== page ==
Like Luna, or Strangered in the Night from the debut album, the song opens with some studio noise and a monkey-like screech, apropos of nothing. We then get the percussive loop which will play throughout the song, with congas and likely some tapping on an acoustic guitar body. There’s also a very GeorgeHarrison-esque super-short 7th note lick which Mike plays that almost has a sitar-quality to it and starts the song off from a kinda weird place as that motif doesn’t recur anywhere else in the song.

Unlike most of the rest of the first two albums, the rhythm guitar is mixed dead centre, along with the bass and vocals. It’s a real camp-fire, buskers strumming pattern that, ya know, is intended to simply accompany the vocal. There’s not a riff or a significant guitar lick anywhere near this song, so a 17 year old could definitely impress their girlfriend, or boyfriend, with this song by just strumming and singing along. Again, the whole vibe of the song is very loose yet very personal. You feel like Tom is singing directly to you through the speakers.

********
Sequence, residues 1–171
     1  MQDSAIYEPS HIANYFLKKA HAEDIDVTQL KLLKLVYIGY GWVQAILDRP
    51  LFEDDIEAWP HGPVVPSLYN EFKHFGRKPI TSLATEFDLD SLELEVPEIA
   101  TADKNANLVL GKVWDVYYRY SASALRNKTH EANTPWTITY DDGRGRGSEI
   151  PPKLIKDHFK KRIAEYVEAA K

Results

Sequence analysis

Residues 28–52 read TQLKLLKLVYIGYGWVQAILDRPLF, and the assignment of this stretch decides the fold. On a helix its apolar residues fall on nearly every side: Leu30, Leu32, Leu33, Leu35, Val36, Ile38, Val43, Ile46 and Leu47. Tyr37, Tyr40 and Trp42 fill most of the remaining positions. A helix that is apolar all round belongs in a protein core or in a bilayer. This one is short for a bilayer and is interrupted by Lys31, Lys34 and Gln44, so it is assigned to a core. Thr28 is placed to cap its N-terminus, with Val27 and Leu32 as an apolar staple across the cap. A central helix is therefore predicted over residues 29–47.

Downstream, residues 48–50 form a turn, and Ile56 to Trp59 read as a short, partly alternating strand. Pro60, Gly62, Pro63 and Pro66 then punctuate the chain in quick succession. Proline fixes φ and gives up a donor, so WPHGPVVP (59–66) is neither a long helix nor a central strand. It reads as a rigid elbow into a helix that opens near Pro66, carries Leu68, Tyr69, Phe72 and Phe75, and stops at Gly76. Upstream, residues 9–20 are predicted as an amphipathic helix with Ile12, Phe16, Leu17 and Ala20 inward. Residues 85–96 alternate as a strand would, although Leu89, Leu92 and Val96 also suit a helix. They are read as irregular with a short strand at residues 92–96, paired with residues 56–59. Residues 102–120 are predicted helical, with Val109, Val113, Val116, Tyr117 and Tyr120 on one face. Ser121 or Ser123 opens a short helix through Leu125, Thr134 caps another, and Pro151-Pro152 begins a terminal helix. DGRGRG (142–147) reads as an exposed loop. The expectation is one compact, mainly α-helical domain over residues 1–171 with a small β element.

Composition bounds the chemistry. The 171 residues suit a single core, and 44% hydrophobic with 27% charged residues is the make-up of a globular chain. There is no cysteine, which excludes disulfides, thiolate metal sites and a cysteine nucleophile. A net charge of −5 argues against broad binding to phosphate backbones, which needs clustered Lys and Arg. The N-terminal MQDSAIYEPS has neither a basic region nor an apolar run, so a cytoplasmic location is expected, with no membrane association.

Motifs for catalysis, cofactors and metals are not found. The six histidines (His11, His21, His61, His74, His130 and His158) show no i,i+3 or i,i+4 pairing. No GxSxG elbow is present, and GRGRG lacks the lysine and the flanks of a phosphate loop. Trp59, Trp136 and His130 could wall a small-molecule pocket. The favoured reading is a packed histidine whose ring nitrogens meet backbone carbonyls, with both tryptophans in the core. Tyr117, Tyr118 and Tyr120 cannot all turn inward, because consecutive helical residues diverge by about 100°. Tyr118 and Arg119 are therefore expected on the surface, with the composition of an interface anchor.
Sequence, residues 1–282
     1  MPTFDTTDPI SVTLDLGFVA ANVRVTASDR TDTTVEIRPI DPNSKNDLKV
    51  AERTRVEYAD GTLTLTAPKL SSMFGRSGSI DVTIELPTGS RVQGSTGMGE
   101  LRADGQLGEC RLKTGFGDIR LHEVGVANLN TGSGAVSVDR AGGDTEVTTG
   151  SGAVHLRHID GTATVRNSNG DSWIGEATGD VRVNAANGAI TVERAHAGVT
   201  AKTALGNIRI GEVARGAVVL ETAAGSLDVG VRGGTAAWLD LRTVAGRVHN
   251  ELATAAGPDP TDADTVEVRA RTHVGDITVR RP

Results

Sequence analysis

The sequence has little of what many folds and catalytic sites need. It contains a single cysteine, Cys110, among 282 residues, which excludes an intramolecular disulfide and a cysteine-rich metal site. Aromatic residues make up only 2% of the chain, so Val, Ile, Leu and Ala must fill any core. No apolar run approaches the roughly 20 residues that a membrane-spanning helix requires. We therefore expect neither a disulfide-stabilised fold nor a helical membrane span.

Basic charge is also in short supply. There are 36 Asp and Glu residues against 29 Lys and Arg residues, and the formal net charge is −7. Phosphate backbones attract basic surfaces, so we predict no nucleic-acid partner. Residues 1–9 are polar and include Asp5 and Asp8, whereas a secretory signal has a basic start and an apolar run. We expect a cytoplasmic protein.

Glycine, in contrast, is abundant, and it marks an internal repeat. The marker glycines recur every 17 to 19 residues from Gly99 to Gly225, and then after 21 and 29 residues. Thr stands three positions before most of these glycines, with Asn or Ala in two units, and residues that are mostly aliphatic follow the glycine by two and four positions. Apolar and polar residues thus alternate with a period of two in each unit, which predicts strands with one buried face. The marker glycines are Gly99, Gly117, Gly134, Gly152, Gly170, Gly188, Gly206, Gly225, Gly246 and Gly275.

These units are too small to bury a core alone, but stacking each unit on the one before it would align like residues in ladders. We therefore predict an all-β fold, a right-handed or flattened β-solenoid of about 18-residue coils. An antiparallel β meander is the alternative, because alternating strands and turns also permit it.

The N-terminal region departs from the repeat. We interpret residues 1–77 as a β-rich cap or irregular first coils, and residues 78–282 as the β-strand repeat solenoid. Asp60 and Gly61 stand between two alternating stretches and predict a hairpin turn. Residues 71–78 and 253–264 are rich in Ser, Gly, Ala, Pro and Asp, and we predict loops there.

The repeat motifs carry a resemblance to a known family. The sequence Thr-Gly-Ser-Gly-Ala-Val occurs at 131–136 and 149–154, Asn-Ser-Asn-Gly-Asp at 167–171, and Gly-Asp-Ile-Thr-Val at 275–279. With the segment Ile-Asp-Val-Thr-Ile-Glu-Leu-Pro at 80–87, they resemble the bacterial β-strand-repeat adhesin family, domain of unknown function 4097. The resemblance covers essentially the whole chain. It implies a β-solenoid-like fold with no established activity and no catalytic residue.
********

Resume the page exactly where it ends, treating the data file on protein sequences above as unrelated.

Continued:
In listening to the song for this episode, I found that I absolutely adore Ron Blair’s bass part on this one. It glides around that percussive foundation so serenely and moves around the octaves effortlessly, like a big fish lazily swimming around a lake on a warm summer’s day. The basic pattern through the verses is just playing the chord roots an octave apart, matching the chord changes, except for a wonderful touch where he plays root-fifth on the last bar after the last ooh yeah. It resolves that section beautifully and again just adds in a little tweak that you can easily miss on first listen. In the chorus, we get a little more bass action and a couple of those trademark Ron Blair one-step slides and a fantastic high slide right up the neck leading into the middle eight.